I’ve always been a believer that we can’t learn anything until we are ready for it. Students, I believe, aren’t ready for knowledge until they can form the question that will lead to it. That is, I suppose, just basic Rousseau. But I think the information flow on twitter helps us form our questions more quickly and then subsequently in concert with other resources, discover the answer we need almost immediately. As I taught using inquiry learning pre-internet (1993) I was often challenged about how long it took to  for the students  to synthesize concepts and form questions. Maybe in an immersion environment like twitter it just doesn’t take that long anymore.

I felt the “click” today when I was following my Tweetdeck for a while and thinking about makerspaces. Over a period of a few hours here and there reading this and that I now have a proposal for a way to create a makerspace for students at a local middle school. I have materials, a location, and players in mind for the project. All of that from a few hours of playing in the information pool.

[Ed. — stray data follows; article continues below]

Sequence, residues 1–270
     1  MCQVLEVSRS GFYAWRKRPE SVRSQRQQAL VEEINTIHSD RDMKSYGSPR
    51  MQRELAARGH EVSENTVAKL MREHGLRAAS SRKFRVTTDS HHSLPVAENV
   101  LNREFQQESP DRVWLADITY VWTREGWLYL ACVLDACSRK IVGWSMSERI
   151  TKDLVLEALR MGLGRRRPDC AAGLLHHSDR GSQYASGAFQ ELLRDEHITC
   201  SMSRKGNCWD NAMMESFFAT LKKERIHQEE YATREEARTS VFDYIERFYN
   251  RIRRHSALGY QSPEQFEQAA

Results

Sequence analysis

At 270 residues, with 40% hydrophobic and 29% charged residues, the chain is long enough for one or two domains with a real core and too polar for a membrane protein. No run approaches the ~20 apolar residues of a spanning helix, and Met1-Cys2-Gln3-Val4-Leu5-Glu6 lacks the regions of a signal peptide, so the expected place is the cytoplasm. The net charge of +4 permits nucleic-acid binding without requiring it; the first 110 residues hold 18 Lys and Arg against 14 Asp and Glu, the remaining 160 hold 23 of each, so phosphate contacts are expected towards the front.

If there is such a thing as serindipitous learning enabled through information abundance, what does this mean for teaching and learning where information comes from one knowledge source and all others are banned? What does it mean for “teaching” one specific topic at a specific time during the day when everyone is expected to be perfectly ready for it? What does it mean for objectives that we might have prerequisite knowledge to learn, but that we haven’t created a framework for effectively understanding? What does it mean for educators who can’t or won’t engage in drinking from the fire hydrant a few hours a day or week?